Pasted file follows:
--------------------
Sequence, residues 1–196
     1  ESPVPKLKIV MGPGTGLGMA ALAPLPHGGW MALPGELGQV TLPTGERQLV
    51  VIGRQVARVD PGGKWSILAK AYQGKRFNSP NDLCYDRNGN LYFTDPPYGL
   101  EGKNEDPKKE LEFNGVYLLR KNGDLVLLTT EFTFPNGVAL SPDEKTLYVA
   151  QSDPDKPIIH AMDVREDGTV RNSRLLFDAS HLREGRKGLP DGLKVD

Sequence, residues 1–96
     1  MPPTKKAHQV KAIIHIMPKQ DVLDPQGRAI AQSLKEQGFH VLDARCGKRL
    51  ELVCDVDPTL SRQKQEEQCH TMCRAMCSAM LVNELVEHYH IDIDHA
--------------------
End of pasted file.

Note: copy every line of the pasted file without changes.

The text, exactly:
Sequence, residues 1–196
     1  ESPVPKLKIV MGPGTGLGMA ALAPLPHGGW MALPGELGQV TLPTGERQLV
    51  VIGRQVARVD PGGKWSILAK AYQGKRFNSP NDLCYDRNGN LYFTDPPYGL
   101  EGKNEDPKKE LEFNGVYLLR KNGDLVLLTT EFTFPNGVAL SPDEKTLYVA
   151  QSDPDKPIIH AMDVREDGTV RNSRLLFDAS HLREGRKGLP DGLKVD

Sequence, residues 1–96
     1  MPPTKKAHQV KAIIHIMPKQ DVLDPQGRAI AQSLKEQGFH VLDARCGKRL
    51  ELVCDVDPTL SRQKQEEQCH TMCRAMCSAM LVNELVEHYH IDIDHA